Leaving an island paradise

Blog Editor, Linda Hoye, recently asked Story Circle Network’s One Woman’s Day contributors to consider a place they hold dear and to write about a special day they spent there or, perhaps the day they left. I accepted the challenge and wrote about the bittersweet leaving of our family’s home in the South Pacific.

Here’s my story, recently published in the Story Circle Network’s March Journal:

Leaving An Island Paradise

From January 1977 to September 1978 I lived with my family on an island in the South Pacific – Kwajalein in the Marshall Islands. The island is a military base, and my husband Bob managed a military-funded program there. We had a slow and easy life on the island, filled with all kinds of beach and water activities. When we arrived our sons Paul was five and Ben was two and a half. When we left Paul was seven and Ben four. Ben was glad to leave; Paul could have stayed forever.

However, when we first stepped off the plane (a military carrier with no windows) I wanted to be any place but there. I had had to take a leave of absence from my job at the same company where my husband worked, so on Kwajalein I was a stay-at-home mom for the first time.

It took me six months to learn to love and accept my life of leisure. Still I had plenty of things to keep me busy: playing tennis every weekday morning after taking the boys to Kindergarten and preschool, running, going to the beach or the pool with the boys in the afternoons, snorkeling, taking Yoga classes, painting and doing needlework, volunteering at the preschool, going to the boys’ t-ball games, managing the Micronesian handicraft shop, taking a course in Cobol programming, teaching a children’s art class, vacationing in Micronesia and Hawaii, and entertaining several dozen people at small dinners and large parties in our home.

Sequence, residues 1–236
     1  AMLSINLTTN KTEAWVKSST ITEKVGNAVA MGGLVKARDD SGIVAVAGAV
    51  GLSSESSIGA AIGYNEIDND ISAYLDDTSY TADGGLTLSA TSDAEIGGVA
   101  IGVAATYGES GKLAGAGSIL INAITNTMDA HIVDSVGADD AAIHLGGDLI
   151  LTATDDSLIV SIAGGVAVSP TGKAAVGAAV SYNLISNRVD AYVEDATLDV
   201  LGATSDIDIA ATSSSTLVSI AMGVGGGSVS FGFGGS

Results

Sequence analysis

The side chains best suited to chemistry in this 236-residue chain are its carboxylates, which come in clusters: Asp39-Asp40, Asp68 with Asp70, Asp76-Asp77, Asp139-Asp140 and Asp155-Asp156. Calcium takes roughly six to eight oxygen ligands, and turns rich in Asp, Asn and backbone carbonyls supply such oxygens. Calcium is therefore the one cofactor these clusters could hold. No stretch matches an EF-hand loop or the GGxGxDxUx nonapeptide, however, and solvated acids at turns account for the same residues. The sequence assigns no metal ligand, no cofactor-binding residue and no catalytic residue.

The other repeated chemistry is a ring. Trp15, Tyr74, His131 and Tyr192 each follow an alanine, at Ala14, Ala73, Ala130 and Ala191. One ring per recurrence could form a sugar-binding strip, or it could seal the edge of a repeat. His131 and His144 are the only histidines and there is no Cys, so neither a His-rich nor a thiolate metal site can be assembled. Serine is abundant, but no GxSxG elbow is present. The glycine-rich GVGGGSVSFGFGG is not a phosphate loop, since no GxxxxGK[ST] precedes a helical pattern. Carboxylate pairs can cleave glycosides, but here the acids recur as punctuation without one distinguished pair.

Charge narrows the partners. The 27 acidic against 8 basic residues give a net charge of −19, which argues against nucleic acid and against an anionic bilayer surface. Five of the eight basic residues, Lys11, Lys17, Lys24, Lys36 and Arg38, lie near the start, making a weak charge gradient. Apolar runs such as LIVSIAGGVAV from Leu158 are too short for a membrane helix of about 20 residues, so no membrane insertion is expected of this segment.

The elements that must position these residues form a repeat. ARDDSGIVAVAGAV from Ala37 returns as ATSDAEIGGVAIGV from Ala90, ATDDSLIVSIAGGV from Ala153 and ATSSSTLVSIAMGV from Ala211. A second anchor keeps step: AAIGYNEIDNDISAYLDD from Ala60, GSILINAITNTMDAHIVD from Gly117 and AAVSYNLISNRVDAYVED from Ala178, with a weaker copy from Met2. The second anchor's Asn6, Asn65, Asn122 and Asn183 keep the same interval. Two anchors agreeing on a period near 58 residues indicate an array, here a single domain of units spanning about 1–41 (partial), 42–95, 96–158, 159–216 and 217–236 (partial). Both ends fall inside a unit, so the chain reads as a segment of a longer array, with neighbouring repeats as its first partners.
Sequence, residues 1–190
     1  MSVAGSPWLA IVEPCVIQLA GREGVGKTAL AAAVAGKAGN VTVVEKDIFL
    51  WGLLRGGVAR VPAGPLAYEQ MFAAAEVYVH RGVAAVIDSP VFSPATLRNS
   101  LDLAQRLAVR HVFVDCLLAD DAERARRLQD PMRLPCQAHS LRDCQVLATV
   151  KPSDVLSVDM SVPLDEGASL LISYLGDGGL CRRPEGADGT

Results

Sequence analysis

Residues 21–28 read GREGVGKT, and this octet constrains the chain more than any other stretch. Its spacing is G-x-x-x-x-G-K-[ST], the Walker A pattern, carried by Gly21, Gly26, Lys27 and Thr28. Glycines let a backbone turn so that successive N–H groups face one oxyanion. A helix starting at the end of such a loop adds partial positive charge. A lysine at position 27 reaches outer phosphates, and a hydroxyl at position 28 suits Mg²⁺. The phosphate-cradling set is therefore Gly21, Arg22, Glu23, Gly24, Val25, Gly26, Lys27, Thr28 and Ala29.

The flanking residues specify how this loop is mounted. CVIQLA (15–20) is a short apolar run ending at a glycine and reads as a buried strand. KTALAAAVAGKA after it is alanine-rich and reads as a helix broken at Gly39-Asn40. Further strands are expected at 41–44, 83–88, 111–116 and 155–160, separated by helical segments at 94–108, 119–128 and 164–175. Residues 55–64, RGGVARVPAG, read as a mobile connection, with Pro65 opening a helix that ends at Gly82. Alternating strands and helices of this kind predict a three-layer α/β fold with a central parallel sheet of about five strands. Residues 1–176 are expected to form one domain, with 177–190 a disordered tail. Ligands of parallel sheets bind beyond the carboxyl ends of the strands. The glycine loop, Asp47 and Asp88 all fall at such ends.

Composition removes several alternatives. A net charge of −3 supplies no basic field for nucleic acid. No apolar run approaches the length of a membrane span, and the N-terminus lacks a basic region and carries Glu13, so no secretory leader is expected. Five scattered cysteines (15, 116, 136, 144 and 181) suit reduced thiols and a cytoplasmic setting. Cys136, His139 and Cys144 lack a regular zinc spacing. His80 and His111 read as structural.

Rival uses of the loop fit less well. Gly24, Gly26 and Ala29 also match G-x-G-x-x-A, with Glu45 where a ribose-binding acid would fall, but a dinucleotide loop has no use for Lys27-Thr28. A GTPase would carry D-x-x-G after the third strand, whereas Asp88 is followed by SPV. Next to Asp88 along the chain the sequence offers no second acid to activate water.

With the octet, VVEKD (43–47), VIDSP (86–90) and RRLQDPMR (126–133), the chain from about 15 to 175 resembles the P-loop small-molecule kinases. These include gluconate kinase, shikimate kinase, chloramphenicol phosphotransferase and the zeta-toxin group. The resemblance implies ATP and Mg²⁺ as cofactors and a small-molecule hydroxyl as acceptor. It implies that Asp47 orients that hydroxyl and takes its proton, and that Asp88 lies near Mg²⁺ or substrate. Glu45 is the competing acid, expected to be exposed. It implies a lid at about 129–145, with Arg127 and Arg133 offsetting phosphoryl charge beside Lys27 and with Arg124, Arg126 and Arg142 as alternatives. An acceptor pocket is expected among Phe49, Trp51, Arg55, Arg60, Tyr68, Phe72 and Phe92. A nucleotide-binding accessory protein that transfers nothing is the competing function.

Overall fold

Only 3000 people lived on this small island – only three-quarters of a mile wide and a mile and a half long, and we became quite close with the people Bob worked with and many of the other families from other companies. We are still connected with many of them to this day.

Being on the island also was the beginning of my writing days. I got up early with Bob, and after he left by bicycle for the flight that would take him to another island for his work, I wrote in my journal until the boys woke up. That writing resulted in my first published piece – an article about our life on the island for my company magazine.

Eventually the day came to leave. With shell and flower leis draped around our necks we drove off to the airport – one of the few times we traveled in a van on Kwajalein rather than by bicycle. Across the street many, many friends – Bob’s work colleagues, our social friends on the island, my tennis buddies, and our Marshallese house keepers – were waiting under a tree we called “Yum Yum,” for a familiar ritual to bid us goodbye with champagne in hand. They had come to say “Yukwe Yuk,” sort of like saying “Shalom” in Marshallese.

I was happy and sad as we boarded the same military airplane for the states. Leaving Kwajalein is such a final thing. I never got used to that finality.

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